By Keith Laing - 08/12/11 05:03 PM EDT
Announcing the subpoenas last week, Issa said the "NLRB's action in the case against Boeing has the potential to create a job-killing precedent just as U.S. manufacturers are working toward economic recovery.
"That a Washington, D.C.-based bureaucracy could dictate the work location and parameters for a world-leading company is unprecedented in a global economy and hobbles a leading American job creator at a time of economic vulnerability," Issa said in a statement released by his office.
In a letter to Issa of his own, NLRB Acting General Counsel Lafe Solomon said the subpoeans were unnecessary because the agency has cooperated with Issa's investigation.
"To date, this office has provided the committee with more than 1,500 pages of documents that should provide sufficient information to allow the committee to assess the legal merit of the Boeing complaint," Solomon wrote to Issa. "This office has repeatedly pledged to provide information in a manner that protects the rights of the parties to the case. In keeping with our commitment, today we are providing the committee with more than 4,300 pages of additional documents now available to all parties."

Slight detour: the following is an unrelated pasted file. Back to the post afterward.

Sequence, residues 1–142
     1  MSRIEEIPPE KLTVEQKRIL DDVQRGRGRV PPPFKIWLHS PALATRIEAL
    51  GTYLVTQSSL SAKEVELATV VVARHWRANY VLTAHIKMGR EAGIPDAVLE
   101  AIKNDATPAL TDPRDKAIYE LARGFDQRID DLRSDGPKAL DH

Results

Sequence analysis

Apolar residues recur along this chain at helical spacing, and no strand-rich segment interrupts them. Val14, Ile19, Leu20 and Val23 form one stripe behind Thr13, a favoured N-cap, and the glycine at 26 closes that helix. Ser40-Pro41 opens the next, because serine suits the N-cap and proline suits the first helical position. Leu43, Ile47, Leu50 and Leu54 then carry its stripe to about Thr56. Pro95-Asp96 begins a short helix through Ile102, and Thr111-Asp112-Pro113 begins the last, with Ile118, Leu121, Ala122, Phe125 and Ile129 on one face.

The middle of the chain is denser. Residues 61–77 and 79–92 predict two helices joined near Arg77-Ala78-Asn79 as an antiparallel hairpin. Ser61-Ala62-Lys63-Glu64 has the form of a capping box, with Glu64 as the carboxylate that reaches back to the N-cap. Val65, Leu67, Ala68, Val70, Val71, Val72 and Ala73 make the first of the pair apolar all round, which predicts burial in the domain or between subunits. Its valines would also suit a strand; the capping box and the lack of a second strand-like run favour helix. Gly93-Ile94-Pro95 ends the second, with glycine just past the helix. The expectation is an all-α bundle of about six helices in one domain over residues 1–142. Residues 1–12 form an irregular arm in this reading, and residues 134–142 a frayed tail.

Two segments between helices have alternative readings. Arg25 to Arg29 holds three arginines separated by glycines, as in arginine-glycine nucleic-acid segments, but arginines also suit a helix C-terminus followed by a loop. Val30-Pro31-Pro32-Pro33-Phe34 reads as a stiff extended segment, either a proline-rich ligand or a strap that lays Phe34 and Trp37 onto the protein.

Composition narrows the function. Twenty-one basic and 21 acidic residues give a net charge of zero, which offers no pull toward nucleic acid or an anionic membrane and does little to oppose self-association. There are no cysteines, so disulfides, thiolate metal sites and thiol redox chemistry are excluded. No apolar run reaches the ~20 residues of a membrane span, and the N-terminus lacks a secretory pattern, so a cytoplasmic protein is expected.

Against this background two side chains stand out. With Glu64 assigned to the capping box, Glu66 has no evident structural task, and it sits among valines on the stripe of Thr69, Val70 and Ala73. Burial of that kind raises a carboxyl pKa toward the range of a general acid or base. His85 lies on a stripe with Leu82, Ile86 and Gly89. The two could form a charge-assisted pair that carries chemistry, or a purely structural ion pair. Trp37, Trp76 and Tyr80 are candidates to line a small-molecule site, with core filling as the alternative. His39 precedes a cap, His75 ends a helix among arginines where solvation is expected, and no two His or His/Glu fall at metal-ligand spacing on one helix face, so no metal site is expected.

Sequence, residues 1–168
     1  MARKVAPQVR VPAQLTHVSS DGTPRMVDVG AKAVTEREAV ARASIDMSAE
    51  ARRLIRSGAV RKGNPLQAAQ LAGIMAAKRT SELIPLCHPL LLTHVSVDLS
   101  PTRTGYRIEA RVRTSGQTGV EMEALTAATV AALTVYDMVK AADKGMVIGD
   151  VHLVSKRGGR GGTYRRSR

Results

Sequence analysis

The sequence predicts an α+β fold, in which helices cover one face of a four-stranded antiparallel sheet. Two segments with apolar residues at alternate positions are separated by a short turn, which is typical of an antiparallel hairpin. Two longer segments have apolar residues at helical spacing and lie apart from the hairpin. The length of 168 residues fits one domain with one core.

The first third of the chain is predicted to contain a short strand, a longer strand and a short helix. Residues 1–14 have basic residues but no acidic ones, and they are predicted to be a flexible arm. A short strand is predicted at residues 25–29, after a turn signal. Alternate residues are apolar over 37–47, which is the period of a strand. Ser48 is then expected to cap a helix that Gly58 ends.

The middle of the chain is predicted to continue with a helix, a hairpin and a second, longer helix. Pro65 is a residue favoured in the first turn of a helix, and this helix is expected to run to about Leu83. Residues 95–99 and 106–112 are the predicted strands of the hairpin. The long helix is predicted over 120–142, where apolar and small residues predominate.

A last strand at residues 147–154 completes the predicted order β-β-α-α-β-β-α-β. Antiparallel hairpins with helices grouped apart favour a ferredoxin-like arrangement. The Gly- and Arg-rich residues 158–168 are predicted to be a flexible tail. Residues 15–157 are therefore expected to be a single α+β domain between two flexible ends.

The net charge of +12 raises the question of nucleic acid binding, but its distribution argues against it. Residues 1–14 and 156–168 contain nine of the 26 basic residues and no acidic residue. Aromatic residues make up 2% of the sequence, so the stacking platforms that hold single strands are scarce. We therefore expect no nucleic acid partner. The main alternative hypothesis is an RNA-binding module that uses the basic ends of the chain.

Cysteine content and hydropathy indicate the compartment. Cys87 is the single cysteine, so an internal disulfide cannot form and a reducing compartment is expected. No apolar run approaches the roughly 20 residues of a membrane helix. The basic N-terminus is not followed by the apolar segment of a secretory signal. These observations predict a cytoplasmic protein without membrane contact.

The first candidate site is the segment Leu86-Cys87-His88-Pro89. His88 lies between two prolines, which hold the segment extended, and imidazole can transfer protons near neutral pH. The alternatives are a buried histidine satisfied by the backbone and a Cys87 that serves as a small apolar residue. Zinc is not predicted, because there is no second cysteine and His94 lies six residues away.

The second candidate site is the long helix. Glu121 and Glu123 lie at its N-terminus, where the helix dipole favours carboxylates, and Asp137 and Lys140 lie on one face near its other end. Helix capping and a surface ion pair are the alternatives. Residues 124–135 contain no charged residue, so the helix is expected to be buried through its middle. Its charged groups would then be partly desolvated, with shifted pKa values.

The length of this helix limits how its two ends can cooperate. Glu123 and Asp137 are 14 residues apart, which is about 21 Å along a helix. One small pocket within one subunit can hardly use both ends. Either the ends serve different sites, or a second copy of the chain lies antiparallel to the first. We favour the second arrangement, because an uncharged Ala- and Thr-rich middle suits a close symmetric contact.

However, Solomon said the NLRB continues to be "gravely concerned about the adverse effect any premature release of certain documents subject to the subpoena would have on the rights of the parties to this case to have a fair trial."
Boeing opened its new 787 plant in Charleston, S.C., in June. But if the NLRB complaint is ultimately successful, the company could be forced to build the planes it intends to build there in Seattle.
The case before the administrative law judge in Seattle is expected to last several weeks.
This post was updated with new information at 1:13 p.m.